I’ve spent the past months checking out apps that promise illumination of various kinds: weight loss, diminishment of anxiety, increased focus, to name a few. I’ve been struck by the strangely diluted feeling I get from them, similar to the slight hollowness that accompanies Zoom meetings, even with dear friends. They are a step removed.
As though she heard my thoughts from her farm in the Pacific Northwest, frequent contributor Susan Dworski threw this compelling little video over my transom, accompanied by her thoughts about the apps she’s been seeing lately selling all manner of salvation, notably The Wisdom App available with an “annual contribution for membership of $99”. Here’s her message:
Transactional spirituality is a booming business today. ‘Wisdom’ and a more satisfying life are available online for a small, monthly fee and executing a few, snappy, ’spiritual and moral calisthenics’. It echoes America’s long history of bottling and selling ‘wisdom’ and other spiritual snake oil. Cults and ‘prophets’ have had a field day milking a public longing for easy answers – Seven Secrets of Success, 30 Days to a Thinner You, Eight Prayers For Salvation.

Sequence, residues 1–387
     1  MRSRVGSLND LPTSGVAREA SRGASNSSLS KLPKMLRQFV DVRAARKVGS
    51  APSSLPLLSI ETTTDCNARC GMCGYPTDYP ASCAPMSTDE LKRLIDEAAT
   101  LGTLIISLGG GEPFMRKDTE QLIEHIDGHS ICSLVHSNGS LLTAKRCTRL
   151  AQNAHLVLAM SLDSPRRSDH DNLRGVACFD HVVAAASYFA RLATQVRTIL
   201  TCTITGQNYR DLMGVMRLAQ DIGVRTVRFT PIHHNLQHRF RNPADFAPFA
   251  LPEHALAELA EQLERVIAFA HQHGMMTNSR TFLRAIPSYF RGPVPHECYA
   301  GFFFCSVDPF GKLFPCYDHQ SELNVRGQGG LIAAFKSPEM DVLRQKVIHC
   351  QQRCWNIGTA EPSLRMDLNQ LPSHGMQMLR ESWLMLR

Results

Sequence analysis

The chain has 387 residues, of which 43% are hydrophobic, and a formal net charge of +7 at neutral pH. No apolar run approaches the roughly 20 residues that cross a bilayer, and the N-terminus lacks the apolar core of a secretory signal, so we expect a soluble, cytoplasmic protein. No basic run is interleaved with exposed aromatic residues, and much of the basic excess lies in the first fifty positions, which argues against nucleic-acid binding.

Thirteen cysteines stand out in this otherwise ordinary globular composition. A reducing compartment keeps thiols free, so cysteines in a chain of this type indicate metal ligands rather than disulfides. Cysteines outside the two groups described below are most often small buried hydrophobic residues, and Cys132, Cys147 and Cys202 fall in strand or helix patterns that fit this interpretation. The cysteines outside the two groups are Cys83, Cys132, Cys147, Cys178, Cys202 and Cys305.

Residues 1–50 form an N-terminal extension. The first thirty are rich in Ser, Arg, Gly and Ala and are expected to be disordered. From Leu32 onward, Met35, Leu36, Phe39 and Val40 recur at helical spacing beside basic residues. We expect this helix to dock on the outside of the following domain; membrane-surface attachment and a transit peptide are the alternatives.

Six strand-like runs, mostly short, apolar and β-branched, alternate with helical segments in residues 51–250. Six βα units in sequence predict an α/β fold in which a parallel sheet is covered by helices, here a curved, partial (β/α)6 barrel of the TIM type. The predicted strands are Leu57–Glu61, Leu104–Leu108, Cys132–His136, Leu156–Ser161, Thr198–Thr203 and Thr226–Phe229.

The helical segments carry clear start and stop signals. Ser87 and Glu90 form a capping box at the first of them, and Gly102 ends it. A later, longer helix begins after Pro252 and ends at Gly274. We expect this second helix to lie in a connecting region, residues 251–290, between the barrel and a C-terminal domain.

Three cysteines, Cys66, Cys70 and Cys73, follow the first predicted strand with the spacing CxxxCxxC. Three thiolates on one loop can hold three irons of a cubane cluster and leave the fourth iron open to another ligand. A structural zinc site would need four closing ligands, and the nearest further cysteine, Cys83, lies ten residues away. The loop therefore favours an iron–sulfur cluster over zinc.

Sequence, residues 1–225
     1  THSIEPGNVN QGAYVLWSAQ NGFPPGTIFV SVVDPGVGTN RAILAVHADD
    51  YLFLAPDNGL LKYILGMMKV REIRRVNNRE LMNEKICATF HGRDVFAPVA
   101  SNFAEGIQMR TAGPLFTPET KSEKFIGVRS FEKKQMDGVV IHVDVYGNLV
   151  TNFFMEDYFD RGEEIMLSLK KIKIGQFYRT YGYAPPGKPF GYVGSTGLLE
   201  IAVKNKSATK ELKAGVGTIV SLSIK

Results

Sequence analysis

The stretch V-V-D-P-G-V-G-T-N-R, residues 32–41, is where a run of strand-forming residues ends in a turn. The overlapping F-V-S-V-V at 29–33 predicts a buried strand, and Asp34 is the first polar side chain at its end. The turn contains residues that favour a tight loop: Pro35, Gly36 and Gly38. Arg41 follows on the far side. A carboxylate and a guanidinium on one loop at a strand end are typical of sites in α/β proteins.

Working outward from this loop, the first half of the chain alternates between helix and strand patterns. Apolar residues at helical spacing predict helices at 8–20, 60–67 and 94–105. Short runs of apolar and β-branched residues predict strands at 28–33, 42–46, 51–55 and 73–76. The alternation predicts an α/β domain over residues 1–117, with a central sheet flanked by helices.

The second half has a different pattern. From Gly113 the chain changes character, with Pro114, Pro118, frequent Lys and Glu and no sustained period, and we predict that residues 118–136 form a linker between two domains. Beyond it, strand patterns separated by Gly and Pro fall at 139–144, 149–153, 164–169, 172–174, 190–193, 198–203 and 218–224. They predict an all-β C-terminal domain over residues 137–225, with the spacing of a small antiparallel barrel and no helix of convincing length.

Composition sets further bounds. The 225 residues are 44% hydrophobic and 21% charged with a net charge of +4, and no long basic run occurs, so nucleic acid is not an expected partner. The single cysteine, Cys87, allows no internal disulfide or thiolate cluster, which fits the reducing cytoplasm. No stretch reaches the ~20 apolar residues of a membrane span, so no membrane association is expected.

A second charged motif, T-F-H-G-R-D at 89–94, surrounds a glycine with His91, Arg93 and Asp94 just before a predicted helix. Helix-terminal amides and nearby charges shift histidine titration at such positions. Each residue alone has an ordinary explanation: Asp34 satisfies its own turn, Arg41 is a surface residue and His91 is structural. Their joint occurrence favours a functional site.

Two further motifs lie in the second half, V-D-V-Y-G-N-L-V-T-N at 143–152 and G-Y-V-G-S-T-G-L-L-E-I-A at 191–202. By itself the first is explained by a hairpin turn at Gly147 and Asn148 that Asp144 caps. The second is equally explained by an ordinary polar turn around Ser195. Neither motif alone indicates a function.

Exactly what wisdom, and who’s purveying it don’t seem to matter much. Just grab your cell phone, click, and go. Maybe it’s time to stop and reflect on the old mantra:
Traveler, there is no path.
The path is made by walking.
Time to slow down and look within, not without, for answers.
Time to begin once again to trust our own, hard-won experience – not online gurus – as the real source of wisdom.
We’re surrounded by wisdom, if we but stop and look.
Exactly what wisdom, and who’s purveying it?